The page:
Linux commands for measuring disk activity

Linux systems provide a handy suite of commands for helping you see how busy your disks are, not just how full. In this post, we're going to examine five very useful commands for looking into disk activity. Two of the commands (iostat and ioping) may have to be added to your system and these same two commands require you to use sudo privileges, but all five commands provide useful ways to view disk activity.Probably one of the easiest and most obvious of these commands is dstat.dtstat In spite of the fact that the dstat command begins with the letter "d", it provides stats on a lot more than just disk activity. If you want to view just disk activity, you can use the -d option. As shown below, you’ll get a continuous list of disk read/write measurements until you stop the display with a ^c. Note that, after the first report, each subsequent row in the display will report disk activity in the following time interval and the default is only one second.To read this article in full, please click here

Open Source Containers in 2019

Open source containers are moving in a direction that many of us never anticipated. Long recognized as providing an effective way to package applications with all of their required components, some are also tackling one of the most challenging areas in the compute world today -- high performance computing or "HPC". And while containers can bring a new level of efficiency to the world of HPC, they're also presenting new ways of working for enterprise IT organizations that are running HPC-like jobs.How containers work Containers offer many advantages to organizations seeking to distribute applications. By incorporating an application's many dependencies (libraries, etc.) into self-sustainable images, they avoid a lot of installation problems. The differences in OS distributions have no impact, so separate versions of applications don't have to be prepared and maintained, thus making developers' work considerably easier.To read this article in full, please click here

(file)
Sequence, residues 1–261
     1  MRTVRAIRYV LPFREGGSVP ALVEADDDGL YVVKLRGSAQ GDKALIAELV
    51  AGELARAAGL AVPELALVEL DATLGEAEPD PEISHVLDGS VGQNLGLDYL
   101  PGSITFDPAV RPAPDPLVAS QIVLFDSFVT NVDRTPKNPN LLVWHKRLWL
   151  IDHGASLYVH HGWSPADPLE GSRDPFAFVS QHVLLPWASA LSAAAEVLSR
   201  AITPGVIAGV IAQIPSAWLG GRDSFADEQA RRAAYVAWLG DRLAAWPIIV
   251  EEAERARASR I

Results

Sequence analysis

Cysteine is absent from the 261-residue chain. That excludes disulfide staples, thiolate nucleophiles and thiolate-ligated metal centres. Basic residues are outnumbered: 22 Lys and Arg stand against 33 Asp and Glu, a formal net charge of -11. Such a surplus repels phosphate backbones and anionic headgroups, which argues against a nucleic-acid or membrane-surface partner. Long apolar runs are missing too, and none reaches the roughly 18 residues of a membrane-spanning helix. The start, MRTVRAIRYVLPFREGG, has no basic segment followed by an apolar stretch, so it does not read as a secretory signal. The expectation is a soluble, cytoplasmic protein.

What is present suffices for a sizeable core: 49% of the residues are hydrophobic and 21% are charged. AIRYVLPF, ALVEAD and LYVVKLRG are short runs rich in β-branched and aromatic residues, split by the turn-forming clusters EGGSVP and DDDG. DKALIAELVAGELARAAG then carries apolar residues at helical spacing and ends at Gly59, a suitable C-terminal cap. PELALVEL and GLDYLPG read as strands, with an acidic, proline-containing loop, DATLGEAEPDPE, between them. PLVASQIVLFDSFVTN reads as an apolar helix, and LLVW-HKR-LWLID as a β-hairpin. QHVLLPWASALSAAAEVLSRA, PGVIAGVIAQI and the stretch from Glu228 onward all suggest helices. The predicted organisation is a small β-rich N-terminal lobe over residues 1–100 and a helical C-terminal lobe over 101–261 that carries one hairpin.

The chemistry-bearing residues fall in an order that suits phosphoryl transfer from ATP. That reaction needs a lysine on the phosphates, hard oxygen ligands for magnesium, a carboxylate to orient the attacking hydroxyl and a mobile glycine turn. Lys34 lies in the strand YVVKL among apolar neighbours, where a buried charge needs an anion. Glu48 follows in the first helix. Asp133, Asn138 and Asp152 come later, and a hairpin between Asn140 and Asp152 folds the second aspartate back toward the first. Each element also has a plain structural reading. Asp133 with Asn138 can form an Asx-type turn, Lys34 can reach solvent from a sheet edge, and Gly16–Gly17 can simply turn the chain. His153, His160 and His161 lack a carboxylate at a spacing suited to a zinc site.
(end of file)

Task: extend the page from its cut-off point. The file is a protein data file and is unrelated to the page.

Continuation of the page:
Open-source containers move toward high-performance computing

Open-source containers are moving in a direction that many of us never anticipated.Long recognized as providing an effective way to package applications with all of their required components, some are also tackling one of the most challenging areas in the compute world today — high-performance computing (HPC). And while containers can bring a new level of efficiency to the world of HPC, they're also presenting new ways of working for enterprise IT organizations that are running HPC-like jobs.How containers work Containers offer many advantages to organizations seeking to distribute applications. By incorporating an application's many dependencies (libraries, etc.) into self-sustainable images, they avoid a lot of installation problems. The differences in OS distributions have no impact, so separate versions of applications don't have to be prepared and maintained, thus making developers' work considerably easier.To read this article in full, please click here

Working with tarballs on Linux